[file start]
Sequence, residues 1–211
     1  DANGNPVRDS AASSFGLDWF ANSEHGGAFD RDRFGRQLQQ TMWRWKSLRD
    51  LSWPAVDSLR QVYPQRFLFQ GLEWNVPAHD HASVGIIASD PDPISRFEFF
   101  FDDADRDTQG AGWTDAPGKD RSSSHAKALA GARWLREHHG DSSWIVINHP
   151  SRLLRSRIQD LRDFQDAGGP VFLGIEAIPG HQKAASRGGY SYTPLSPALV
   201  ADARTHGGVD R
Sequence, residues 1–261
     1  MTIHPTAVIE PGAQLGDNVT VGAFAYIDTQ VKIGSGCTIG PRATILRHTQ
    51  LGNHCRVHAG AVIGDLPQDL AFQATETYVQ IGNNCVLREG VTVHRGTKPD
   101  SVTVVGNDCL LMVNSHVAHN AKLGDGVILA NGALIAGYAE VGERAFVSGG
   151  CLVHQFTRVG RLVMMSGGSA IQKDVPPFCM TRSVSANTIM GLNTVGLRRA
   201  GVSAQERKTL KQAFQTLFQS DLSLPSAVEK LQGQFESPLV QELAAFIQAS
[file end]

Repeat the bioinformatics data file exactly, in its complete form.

Sequence, residues 1–211
     1  DANGNPVRDS AASSFGLDWF ANSEHGGAFD RDRFGRQLQQ TMWRWKSLRD
    51  LSWPAVDSLR QVYPQRFLFQ GLEWNVPAHD HASVGIIASD PDPISRFEFF
   101  FDDADRDTQG AGWTDAPGKD RSSSHAKALA GARWLREHHG DSSWIVINHP
   151  SRLLRSRIQD LRDFQDAGGP VFLGIEAIPG HQKAASRGGY SYTPLSPALV
   201  ADARTHGGVD R
Sequence, residues 1–261
     1  MTIHPTAVIE PGAQLGDNVT VGAFAYIDTQ VKIGSGCTIG PRATILRHTQ
    51  LGNHCRVHAG AVIGDLPQDL AFQATETYVQ IGNNCVLREG VTVHRGTKPD
   101  SVTVVGNDCL LMVNSHVAHN AKLGDGVILA NGALIAGYAE VGERAFVSGG
   151  CLVHQFTRVG RLVMMSGGSA IQKDVPPFCM TRSVSANTIM GLNTVGLRRA
   201  GVSAQERKTL KQAFQTLFQS DLSLPSAVEK LQGQFESPLV QELAAFIQAS